AIDS does not inevitably lead to death, especially if you suppress the co-factors that support the disease. It is very important to tell this to people who are infected.
I am very puzzled by the fact that young people are getting infected again. They don't take precautions despite an enormous amount of information. It's like riding a race car at 200 kilometers an hour. Some people like the risk.
My proposal now is to test a vaccine first on people who have been infected, and if you show some efficacy at this level, you might be able to go further to study uninfected people in a population with a high rate of infection.
They don't actually see the real world, where 95% of the people with HIV are not treated and are dying. And even though we have some blue sky now in our country, the sky could become cloudy again very soon.
It's easier to learn things for life by the age of 12 and not the age of 18. This is just my guess.
It's very difficult in our society. You cannot impose certain behavioral changes. Education can do it at the right time, probably by high school. After that it is too late.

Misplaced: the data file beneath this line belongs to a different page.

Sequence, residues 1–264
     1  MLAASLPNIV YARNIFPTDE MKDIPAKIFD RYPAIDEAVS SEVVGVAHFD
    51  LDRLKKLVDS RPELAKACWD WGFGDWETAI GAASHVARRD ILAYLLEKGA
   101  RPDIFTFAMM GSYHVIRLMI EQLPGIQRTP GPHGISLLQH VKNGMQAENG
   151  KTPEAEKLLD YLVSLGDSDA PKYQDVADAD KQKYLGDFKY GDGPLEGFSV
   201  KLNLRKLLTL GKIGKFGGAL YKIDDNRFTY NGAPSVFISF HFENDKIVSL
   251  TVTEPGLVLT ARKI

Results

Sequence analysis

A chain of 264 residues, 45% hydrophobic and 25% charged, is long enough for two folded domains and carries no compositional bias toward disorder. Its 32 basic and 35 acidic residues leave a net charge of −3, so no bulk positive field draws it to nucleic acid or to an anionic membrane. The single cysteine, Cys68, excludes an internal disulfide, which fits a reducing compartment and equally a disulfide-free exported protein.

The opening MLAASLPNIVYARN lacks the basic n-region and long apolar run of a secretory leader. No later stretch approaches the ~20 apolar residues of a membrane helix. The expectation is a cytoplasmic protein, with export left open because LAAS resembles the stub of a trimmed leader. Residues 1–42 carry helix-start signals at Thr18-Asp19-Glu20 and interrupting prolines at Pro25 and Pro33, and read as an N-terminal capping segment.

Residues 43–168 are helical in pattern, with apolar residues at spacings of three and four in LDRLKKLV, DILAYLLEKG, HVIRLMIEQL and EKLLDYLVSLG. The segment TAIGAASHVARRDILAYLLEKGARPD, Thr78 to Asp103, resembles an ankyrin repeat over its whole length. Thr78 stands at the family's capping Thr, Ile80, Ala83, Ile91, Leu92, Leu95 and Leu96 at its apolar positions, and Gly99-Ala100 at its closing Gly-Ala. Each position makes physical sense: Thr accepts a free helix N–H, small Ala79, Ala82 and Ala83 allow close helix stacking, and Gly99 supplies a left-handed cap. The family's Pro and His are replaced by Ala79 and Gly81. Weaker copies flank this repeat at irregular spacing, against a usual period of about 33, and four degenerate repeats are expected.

AIDS win be our first priority, but in two years' time we don't know where AIDS research will stand, so we are also thinking of activity on other diseases.
The center will be fully operational in two years' time, but probably in the middle of the year we will have a temporary laboratory of 4,000 square feet.
That is why it is so important not only to have excellent treatment but also to try to get back the immune defense, because there you have a natural defense that takes place everywhere.
I've participated in meetings where there were concerns by ethical experts. There is no clear solution.
We are working with a biotech company, Calypte, which has designed a urine test for the HIV antibody.